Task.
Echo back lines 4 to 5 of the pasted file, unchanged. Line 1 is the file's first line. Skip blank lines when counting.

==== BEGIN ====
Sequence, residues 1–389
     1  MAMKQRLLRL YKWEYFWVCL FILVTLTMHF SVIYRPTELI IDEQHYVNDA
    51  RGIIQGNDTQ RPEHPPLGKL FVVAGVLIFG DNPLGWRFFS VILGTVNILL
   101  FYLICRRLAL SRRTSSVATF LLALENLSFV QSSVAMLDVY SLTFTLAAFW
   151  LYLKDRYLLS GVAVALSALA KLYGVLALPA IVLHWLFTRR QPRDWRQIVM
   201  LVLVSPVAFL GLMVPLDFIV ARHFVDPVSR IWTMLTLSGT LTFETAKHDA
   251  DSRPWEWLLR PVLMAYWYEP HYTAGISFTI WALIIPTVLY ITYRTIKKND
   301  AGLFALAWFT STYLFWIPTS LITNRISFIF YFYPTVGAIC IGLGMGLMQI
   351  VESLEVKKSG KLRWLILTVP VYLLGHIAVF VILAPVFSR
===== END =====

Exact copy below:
   101  FYLICRRLAL SRRTSSVATF LLALENLSFV QSSVAMLDVY SLTFTLAAFW
   151  LYLKDRYLLS GVAVALSALA KLYGVLALPA IVLHWLFTRR QPRDWRQIVM